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Posted on • Updated on • Originally published at ggicci.me

Decode HTTP Query Params Into a Struct in Golang

Many people use net/http package directly in Go to deal with HTTP requests, including reading URL parameters, HTTP headers, and the request body. It's straightforward and efficient, though. We can still get bored writing so much tedious code for just reading and parsing the URL params. Typically when we are maintaining a service with hundres of APIs.

Parse URL Params with net/http

Let's see a piece of code for dealing with HTTP requests by using net/http package:

// GET /v1/users?page=1&per_page=20&is_member=true
func ListUsers(rw http.ResponseWriter, r *http.Request) {
    page, err := strconv.ParseInt(r.FormValue("page"), 10, 64)
    if err != nil {
        // Invalid parameter: page.
        return
    }
    perPage, err := strconv.ParseInt(r.FormValue("per_page"), 10, 64)
    if err != nil {
        // Invalid parameter: per_page.
        return
    }
    isMember, err := strconv.ParseBool(r.FormValue("is_member"))
    if err != nil {
        // Invalid parameter: is_member.
        return
    }

    // Read database and return the user list.
}
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It's okay if there are only a few (usually less than 3) parameters to be parsed. But what if more? Both the number of lots of local variables and the writing of statements of parsing string URL params to target types can kill us. Some "evil" guys even spread these statements all over in an API handler. 🤒

For such cases, what can we do to save a clean and tidy code base?

1. Reduce the number of local variables

We can define a custom struct to gather all the parameters together as struct fields to reduce the number of local variables from N to 1.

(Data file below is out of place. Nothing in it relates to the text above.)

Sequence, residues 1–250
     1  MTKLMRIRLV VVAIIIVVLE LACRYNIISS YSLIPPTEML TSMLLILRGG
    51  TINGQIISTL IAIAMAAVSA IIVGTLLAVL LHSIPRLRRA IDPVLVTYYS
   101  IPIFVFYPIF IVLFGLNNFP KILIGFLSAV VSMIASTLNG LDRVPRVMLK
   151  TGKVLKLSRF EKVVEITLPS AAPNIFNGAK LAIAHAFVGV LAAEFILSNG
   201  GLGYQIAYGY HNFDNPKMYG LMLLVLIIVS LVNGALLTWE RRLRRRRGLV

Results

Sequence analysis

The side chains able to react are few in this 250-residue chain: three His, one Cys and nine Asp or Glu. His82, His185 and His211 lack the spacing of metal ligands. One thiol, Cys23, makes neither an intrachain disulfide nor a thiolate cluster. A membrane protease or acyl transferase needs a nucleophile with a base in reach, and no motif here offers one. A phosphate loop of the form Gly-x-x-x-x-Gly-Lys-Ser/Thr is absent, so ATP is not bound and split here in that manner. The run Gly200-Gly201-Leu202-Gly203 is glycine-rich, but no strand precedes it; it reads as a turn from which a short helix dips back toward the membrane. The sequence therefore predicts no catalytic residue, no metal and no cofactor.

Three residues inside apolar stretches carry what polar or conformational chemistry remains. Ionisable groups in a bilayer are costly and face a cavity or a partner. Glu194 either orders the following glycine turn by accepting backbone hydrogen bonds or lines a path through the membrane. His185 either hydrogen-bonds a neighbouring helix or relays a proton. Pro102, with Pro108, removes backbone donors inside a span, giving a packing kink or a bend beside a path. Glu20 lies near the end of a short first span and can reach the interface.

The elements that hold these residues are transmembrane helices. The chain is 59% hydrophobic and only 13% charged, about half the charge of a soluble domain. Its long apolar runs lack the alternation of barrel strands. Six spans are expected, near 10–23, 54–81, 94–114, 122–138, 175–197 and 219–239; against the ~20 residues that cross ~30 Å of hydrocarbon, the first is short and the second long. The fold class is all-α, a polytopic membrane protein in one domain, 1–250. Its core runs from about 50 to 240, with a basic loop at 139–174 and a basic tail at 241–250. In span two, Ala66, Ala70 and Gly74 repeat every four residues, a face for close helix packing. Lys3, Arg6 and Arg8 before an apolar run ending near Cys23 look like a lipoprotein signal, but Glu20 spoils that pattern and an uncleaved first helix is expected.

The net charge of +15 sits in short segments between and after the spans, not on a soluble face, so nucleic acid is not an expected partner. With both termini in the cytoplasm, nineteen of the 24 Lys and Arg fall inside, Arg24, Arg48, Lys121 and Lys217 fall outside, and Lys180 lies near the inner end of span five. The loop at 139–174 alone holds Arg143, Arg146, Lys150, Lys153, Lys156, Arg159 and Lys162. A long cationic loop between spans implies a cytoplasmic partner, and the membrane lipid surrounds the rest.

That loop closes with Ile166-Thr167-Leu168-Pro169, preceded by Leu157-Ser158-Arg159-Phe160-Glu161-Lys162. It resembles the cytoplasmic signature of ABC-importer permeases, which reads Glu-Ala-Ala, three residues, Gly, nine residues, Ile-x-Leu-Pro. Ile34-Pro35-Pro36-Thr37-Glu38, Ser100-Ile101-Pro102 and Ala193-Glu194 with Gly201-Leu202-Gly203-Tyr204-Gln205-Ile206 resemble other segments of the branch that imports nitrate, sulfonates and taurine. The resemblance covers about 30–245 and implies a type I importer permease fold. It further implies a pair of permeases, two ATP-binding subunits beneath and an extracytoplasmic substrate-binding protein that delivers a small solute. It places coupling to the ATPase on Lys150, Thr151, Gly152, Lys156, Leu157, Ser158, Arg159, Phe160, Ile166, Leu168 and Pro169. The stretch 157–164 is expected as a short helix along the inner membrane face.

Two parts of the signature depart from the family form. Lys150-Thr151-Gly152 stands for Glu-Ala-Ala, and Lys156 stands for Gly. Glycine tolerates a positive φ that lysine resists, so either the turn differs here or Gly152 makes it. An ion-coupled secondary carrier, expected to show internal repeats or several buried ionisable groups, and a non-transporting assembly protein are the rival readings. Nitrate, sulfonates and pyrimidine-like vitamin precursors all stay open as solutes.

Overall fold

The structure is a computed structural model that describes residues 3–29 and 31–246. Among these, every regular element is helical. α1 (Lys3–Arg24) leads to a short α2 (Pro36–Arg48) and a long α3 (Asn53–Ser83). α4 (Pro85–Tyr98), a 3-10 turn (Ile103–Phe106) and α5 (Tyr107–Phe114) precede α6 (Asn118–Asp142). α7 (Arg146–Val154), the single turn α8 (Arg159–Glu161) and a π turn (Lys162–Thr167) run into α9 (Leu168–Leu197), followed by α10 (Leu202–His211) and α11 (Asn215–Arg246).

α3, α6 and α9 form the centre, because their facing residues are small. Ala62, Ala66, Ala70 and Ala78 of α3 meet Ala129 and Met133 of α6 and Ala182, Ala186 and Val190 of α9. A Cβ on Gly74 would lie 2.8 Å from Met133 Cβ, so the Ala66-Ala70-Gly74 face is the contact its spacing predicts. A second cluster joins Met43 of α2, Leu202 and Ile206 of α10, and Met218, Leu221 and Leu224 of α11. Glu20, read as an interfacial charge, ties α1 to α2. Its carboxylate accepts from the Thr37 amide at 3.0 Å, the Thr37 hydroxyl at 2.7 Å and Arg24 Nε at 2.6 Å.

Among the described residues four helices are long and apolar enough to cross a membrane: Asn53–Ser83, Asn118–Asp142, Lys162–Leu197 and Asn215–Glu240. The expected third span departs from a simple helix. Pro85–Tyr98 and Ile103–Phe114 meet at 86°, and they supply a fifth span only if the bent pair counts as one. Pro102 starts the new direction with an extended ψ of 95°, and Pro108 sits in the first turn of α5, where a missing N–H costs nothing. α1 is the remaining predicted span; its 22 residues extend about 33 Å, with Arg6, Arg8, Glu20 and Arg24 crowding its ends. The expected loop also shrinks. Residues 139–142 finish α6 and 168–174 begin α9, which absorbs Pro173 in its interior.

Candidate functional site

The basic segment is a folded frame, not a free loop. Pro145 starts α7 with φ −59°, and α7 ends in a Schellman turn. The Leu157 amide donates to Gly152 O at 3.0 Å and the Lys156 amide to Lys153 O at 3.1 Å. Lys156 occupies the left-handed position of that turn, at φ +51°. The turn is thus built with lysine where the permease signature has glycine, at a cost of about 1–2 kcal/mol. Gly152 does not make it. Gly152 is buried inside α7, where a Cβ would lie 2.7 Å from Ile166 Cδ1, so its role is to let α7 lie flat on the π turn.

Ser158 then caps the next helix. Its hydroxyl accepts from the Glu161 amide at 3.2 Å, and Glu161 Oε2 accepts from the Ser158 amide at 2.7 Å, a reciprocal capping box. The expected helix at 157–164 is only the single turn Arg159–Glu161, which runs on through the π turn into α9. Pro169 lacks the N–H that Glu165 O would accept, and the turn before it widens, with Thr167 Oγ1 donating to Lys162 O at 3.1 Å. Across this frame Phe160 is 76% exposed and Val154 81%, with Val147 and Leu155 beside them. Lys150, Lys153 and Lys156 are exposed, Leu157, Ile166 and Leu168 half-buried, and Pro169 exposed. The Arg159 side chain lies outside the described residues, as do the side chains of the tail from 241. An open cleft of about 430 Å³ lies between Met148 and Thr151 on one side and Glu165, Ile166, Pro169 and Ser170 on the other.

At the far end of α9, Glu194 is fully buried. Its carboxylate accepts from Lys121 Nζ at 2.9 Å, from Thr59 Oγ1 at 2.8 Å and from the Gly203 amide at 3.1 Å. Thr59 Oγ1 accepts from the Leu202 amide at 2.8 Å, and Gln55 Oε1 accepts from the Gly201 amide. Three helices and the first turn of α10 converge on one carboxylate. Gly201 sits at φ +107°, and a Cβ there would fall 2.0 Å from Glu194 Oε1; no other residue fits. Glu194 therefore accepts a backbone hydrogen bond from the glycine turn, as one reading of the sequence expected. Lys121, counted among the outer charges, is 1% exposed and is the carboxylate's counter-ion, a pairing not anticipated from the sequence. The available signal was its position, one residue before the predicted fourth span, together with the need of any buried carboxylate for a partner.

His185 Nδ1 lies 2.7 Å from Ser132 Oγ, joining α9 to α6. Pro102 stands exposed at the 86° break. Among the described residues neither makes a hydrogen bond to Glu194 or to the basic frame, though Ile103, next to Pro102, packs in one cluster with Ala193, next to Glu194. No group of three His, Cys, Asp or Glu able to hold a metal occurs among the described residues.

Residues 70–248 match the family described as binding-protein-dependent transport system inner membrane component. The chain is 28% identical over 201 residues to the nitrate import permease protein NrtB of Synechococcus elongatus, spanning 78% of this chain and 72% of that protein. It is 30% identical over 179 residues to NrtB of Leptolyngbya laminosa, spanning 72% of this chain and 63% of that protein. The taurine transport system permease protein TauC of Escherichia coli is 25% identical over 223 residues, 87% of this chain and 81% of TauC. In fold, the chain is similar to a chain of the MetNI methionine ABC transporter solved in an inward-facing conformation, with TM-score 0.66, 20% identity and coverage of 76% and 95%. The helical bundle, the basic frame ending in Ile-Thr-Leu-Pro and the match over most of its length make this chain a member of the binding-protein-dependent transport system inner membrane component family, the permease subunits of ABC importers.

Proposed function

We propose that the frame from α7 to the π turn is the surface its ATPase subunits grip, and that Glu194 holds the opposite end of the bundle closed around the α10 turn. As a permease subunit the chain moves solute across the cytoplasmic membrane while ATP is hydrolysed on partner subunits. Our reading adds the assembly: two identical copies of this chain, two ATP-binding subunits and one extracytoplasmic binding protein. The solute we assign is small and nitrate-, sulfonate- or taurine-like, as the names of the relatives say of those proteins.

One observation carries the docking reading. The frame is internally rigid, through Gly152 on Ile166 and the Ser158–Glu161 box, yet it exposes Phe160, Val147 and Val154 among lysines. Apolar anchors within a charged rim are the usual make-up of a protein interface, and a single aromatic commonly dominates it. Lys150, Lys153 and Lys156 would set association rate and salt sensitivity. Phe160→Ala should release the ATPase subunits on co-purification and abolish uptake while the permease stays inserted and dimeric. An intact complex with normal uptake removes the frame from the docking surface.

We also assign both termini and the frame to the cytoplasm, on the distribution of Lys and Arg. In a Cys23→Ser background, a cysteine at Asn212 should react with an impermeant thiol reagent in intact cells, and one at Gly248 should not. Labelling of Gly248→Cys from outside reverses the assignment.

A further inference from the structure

type ListUsersInput struct {
    Page     int
    PerPage  int
    IsMember bool
}

input := &ListUserInput{}
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At this time, the above three local variables page, perPage and isMember became one variable input.

However, even if we put all the parameters together, we still can't get rid of writing the parsing stuff code. Which again challenges the code readability.

2. Implement a generic function to do the parsing stuff

Can we implement a function to parse the URL params automatically for us? Once this is feasible, all the redundant parsing stuff code can be removed. The code base will finally become clean and tidy. Sample code:

func ListUsers(rw http.ResponseWriter, r *http.Request) {
    input := &ListUserInput{}
    if err := ParseURLParams(&input); err != nil {
        return
    }

    if input.IsMember // ...
}
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Now the above three parsing statements ... := strconv.ParseXXX(...) became one statement ParseURLParams(&input).

So, how to implement this magic function ParseURLParams? It's not that hard. Since we have defined a struct. We can utilize struct tags to guide the parsing algorithm. And use go reflect to adapt this algorithm to different types of structs dynamically.

See the implementation details at httpin package by Ggicci.

Use of httpin

httpin - HTTP Input for Go - Decode an HTTP request into a custom struct

The only thing you need to do while using httpin is: well define your input struct for receiving the URL params. You don't need to write parsing code for each parameter by yourself. You only care about the input struct and in which handler it will be used.

// 1. Define you input struct
type ListUsersInput struct {
    Page     int  `in:"form=page"`
    PerPage  int  `in:"form=per_page"`
    IsMember bool `in:"form=is_member"`
}

// 2. Bind this input struct with an HTTP handler
func init() {
    http.Handle("/users", alice.New(
        httpin.NewInput(ListUsersInput{}),
    ).ThenFunc(ListUsers))
}

// 3. Use the input in the handler, all the parsing stuff are handled by httpin
func ListUsers(rw http.ResponseWriter, r *http.Request) {
    input := r.Context().Value(httpin.Input).(*ListUsersInput)
}
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Happy? 😝

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